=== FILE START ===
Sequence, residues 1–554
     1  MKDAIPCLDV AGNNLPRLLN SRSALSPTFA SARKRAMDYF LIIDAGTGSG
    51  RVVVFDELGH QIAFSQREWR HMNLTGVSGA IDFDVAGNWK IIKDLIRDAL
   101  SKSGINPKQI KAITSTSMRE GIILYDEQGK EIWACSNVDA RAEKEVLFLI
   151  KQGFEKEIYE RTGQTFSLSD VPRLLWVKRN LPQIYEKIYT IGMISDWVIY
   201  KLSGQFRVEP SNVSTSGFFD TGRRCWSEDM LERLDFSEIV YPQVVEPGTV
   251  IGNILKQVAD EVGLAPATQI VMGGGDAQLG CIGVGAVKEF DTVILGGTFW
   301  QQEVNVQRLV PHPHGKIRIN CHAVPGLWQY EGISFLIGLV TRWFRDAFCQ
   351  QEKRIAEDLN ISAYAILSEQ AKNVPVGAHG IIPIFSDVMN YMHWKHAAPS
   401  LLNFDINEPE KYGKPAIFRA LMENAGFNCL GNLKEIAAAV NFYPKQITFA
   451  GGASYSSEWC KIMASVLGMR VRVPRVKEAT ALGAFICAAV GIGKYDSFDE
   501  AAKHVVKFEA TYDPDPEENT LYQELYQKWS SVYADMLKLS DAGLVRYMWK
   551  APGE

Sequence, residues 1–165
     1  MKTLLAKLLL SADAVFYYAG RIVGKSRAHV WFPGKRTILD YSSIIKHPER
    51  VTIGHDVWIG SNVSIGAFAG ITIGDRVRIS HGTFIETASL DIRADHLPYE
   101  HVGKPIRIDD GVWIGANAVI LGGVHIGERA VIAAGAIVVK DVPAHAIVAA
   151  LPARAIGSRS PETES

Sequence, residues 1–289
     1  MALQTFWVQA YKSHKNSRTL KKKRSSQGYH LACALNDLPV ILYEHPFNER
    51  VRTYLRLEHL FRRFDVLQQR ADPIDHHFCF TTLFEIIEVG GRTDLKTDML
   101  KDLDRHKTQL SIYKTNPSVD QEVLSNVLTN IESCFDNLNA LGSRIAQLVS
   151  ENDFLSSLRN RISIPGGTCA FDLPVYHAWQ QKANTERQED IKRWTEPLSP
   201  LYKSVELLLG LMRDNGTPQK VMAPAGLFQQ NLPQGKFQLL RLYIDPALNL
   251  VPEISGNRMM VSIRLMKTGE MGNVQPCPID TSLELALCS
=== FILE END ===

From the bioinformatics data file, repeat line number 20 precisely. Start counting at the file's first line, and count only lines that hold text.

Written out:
     1  MALQTFWVQA YKSHKNSRTL KKKRSSQGYH LACALNDLPV ILYEHPFNER